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Posted May 16, 2012 - 04:13 PM

That's nice Ryan! I hope it serves you well. That's the Company I used to work for. There old stuff was made to last.
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#5 Cvans OFFLINE  

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Posted May 16, 2012 - 05:08 PM

Nice rig! Certainly a better outfit than I started out with. Like you said, get the pilot holes straight and your off and running.
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#6 KennyP ONLINE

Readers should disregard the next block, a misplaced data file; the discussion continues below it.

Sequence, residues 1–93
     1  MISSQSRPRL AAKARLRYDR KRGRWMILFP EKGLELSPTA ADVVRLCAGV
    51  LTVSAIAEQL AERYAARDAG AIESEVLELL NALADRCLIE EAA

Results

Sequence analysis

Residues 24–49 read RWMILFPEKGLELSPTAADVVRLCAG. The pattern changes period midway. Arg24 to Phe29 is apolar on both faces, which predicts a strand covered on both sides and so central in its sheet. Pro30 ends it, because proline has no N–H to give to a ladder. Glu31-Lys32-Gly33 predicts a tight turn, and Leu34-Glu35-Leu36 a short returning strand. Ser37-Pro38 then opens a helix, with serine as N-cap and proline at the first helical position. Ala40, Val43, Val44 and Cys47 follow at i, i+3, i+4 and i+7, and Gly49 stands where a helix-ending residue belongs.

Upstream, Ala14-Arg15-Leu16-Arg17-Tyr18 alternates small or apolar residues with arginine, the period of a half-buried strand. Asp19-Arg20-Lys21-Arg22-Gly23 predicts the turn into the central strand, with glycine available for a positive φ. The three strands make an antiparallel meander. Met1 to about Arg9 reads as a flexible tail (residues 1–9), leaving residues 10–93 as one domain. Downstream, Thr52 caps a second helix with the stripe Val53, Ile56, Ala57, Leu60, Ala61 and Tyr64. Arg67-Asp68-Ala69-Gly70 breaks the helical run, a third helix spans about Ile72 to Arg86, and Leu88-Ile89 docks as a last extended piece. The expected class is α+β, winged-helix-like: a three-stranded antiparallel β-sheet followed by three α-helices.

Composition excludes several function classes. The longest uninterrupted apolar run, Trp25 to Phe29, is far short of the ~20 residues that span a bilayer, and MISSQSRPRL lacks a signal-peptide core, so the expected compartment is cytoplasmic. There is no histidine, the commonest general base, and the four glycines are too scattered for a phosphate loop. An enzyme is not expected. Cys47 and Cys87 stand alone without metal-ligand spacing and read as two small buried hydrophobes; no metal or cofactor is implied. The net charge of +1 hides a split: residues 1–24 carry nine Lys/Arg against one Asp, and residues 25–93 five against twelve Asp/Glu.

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Posted May 16, 2012 - 05:14 PM

Wow! Hadn't seen one of those setups in years! Glad it all still works.
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#7 HDWildBill OFFLINE  

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Posted May 16, 2012 - 05:16 PM

That is cool! I bet you were surprised when you got home today. That is a really quality piece of equipment that will probably last for you to give to your son.
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#8 bgkid2966 OFFLINE  

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Posted May 16, 2012 - 05:42 PM

You can always change the chuck to a half inch. I have an old aluminum craftsman 1/4" drill with a half inch chuck on it. That old drill just keeps going! The unit you have there is a really nice setup.

Geno
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#9 caseguy OFFLINE  

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Posted May 16, 2012 - 06:18 PM